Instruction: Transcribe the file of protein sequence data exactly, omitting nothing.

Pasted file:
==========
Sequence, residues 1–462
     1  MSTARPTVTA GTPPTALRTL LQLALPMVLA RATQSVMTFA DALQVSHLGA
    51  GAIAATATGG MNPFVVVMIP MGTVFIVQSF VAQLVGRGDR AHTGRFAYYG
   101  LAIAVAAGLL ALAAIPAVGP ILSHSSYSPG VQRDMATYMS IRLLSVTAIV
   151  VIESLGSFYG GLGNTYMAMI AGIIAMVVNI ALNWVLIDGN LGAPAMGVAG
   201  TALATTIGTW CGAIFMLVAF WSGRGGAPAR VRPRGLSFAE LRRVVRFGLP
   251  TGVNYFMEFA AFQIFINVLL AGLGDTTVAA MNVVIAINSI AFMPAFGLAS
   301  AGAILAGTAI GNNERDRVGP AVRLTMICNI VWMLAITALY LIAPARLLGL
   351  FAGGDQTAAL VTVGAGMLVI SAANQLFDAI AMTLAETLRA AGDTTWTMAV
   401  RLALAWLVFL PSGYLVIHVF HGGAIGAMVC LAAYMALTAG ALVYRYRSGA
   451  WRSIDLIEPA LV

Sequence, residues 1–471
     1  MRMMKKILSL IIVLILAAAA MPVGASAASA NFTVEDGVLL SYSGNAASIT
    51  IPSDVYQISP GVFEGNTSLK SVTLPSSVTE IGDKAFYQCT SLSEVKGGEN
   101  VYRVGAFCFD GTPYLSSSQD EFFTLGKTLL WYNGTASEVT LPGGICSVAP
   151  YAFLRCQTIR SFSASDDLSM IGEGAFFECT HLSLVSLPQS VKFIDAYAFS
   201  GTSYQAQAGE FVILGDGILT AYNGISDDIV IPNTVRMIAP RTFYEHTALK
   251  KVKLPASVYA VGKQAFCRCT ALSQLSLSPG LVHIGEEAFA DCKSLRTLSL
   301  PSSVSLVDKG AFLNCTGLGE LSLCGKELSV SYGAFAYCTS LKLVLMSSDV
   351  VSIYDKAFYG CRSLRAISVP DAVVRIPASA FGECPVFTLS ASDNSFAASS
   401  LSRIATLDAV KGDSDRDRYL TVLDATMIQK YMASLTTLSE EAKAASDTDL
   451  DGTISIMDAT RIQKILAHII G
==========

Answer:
Sequence, residues 1–462
     1  MSTARPTVTA GTPPTALRTL LQLALPMVLA RATQSVMTFA DALQVSHLGA
    51  GAIAATATGG MNPFVVVMIP MGTVFIVQSF VAQLVGRGDR AHTGRFAYYG
   101  LAIAVAAGLL ALAAIPAVGP ILSHSSYSPG VQRDMATYMS IRLLSVTAIV
   151  VIESLGSFYG GLGNTYMAMI AGIIAMVVNI ALNWVLIDGN LGAPAMGVAG
   201  TALATTIGTW CGAIFMLVAF WSGRGGAPAR VRPRGLSFAE LRRVVRFGLP
   251  TGVNYFMEFA AFQIFINVLL AGLGDTTVAA MNVVIAINSI AFMPAFGLAS
   301  AGAILAGTAI GNNERDRVGP AVRLTMICNI VWMLAITALY LIAPARLLGL
   351  FAGGDQTAAL VTVGAGMLVI SAANQLFDAI AMTLAETLRA AGDTTWTMAV
   401  RLALAWLVFL PSGYLVIHVF HGGAIGAMVC LAAYMALTAG ALVYRYRSGA
   451  WRSIDLIEPA LV

Sequence, residues 1–471
     1  MRMMKKILSL IIVLILAAAA MPVGASAASA NFTVEDGVLL SYSGNAASIT
    51  IPSDVYQISP GVFEGNTSLK SVTLPSSVTE IGDKAFYQCT SLSEVKGGEN
   101  VYRVGAFCFD GTPYLSSSQD EFFTLGKTLL WYNGTASEVT LPGGICSVAP
   151  YAFLRCQTIR SFSASDDLSM IGEGAFFECT HLSLVSLPQS VKFIDAYAFS
   201  GTSYQAQAGE FVILGDGILT AYNGISDDIV IPNTVRMIAP RTFYEHTALK
   251  KVKLPASVYA VGKQAFCRCT ALSQLSLSPG LVHIGEEAFA DCKSLRTLSL
   301  PSSVSLVDKG AFLNCTGLGE LSLCGKELSV SYGAFAYCTS LKLVLMSSDV
   351  VSIYDKAFYG CRSLRAISVP DAVVRIPASA FGECPVFTLS ASDNSFAASS
   401  LSRIATLDAV KGDSDRDRYL TVLDATMIQK YMASLTTLSE EAKAASDTDL
   451  DGTISIMDAT RIQKILAHII G